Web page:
What I also found refreshing about it was that it was just a lean, mean horror machine. Sparse dialogue, sparse characterization and more than a little ambiguity. Sometimes ambiguity is nice. Most of the time I don’t need things spelled out for me like I just wandered away from listening to Rush Limbaugh.

    Not a lot of dead weight in the first act, just set up the protags and get the menace rolling in the first fifteen minutes (and I felt that the young couple were joined at a perfect moment, vulnerable and isolated while in the same car…thinking that they were at the worst moment of their lives, but still a short drive away).

    And while I generally don’t like loud noises used to get the jump out of the audience, it worked here. Probably because of the use of ambient noise and a sparse, minimalist soundtrack.

    As far as the first reveal of the invader looming behind Tyler? Sure, realistically it was sort of off, but cinematically it was pretty damned creepy. Well, judging from the reactions of my date and the rest of the audience. It didn’t work for me because, well… I saw the god-damned trailer. So I’m sitting there going, “Well, this is where that happens.”

    Glad it worked for the rest of the crowd, though. They must not have seen the poster for the movie… because marketing also uses that shot for the poster! Damn.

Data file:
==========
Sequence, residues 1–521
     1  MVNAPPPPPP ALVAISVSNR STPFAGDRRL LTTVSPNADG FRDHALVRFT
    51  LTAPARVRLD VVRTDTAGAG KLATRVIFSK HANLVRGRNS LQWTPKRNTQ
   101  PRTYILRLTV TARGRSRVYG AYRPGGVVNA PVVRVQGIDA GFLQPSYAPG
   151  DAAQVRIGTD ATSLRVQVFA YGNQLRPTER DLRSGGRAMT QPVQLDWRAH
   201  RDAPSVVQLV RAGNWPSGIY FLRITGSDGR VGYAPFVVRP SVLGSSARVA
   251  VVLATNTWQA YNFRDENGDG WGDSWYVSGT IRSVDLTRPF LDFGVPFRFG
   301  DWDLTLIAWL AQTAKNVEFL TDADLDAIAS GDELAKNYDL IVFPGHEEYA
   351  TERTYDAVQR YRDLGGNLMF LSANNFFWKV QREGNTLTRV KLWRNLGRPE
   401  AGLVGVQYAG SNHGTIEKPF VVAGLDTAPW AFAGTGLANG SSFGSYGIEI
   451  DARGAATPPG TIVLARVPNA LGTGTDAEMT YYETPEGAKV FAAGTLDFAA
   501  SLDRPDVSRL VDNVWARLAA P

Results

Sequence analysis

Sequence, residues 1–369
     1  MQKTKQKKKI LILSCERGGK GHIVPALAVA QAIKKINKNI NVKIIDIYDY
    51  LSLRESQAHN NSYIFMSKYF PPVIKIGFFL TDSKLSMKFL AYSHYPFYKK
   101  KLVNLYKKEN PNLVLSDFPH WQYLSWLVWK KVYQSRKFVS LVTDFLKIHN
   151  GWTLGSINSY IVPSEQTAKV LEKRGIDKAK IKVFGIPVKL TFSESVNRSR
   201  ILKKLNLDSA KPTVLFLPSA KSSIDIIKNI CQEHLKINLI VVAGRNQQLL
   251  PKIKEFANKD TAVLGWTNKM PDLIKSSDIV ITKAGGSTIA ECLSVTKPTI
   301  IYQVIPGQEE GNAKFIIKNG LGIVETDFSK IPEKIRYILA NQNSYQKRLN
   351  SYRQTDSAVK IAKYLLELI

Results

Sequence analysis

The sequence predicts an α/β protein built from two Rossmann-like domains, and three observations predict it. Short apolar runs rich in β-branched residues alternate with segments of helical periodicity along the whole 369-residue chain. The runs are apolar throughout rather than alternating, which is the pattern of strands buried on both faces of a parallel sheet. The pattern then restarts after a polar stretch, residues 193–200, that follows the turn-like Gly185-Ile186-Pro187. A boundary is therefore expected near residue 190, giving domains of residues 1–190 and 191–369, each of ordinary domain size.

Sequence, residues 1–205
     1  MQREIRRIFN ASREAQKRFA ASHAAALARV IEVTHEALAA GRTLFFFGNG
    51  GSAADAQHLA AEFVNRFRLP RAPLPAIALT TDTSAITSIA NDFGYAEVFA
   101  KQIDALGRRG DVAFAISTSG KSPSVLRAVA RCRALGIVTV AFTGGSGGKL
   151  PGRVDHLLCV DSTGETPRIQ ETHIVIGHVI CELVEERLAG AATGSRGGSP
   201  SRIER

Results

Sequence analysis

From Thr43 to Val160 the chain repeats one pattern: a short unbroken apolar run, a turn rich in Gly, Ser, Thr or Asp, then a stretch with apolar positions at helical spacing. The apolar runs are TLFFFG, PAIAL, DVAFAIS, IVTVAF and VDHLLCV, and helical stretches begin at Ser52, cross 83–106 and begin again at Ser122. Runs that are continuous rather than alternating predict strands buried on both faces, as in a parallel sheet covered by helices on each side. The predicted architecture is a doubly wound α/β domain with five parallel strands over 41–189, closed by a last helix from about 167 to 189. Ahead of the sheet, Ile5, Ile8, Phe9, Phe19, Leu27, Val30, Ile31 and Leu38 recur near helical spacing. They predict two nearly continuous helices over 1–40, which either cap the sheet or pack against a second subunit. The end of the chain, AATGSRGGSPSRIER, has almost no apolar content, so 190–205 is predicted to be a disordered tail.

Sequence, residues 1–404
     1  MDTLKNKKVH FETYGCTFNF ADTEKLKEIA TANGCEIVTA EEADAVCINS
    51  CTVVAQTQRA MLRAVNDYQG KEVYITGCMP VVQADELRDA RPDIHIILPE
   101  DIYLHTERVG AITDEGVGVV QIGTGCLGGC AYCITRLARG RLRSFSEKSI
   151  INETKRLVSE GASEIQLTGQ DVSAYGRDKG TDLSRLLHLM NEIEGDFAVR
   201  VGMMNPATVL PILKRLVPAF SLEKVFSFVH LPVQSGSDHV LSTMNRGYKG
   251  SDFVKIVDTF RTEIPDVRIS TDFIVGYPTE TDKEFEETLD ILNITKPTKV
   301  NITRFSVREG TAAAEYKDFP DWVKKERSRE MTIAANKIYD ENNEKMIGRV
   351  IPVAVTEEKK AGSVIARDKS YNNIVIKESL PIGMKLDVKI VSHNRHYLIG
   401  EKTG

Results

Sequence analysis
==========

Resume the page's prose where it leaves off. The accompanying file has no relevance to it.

• Jigsy Q.

    Remember when you were a kid swapping ghost stories with other kids, and it was the stupid kid’s turn? Being a moron he couldn’t really create tension or build suspense, so he would usually just use the direct approach: “you’re walking in the woods at midnight and then… Frankenstein jumps out and chops your head off!! The end.” Well that’s what every American horror movie seems to have become these days.

  • Hdj

    I cant stand people ranting about torture porn and how pg-13 can actually be scary.
    I didn’t need Maryann’s review to tell me this movie lacks suspense and why it wasn’t scary. Though I did read it and every word is basically my impression of how the trailer perceived me.
    One , the bad guys or bad kids look like the archetype of what Marilyn Manson’s kids are going to look like.
    Two, based on the scenes were only the audience knows the person is in danger, isn’t scary because its been done to death , dating back to Michael Myers.
    Three its PG-13, lets face it if you don’t have an R rating you can loosen up to the fact there wont be to many F bombs , heated scenes, or intense blood baths.These so called bloodless pg-13 horror movies just keep racking up, along with these watered down remakes of 80’s slashers.
    Four, who is this guy Bertino guy? They probably thought he was Joseph Gordon-Levitt, well i think they look alike. Anyways who is he , like normally horror directors have to do some sorta mini horror for exposure.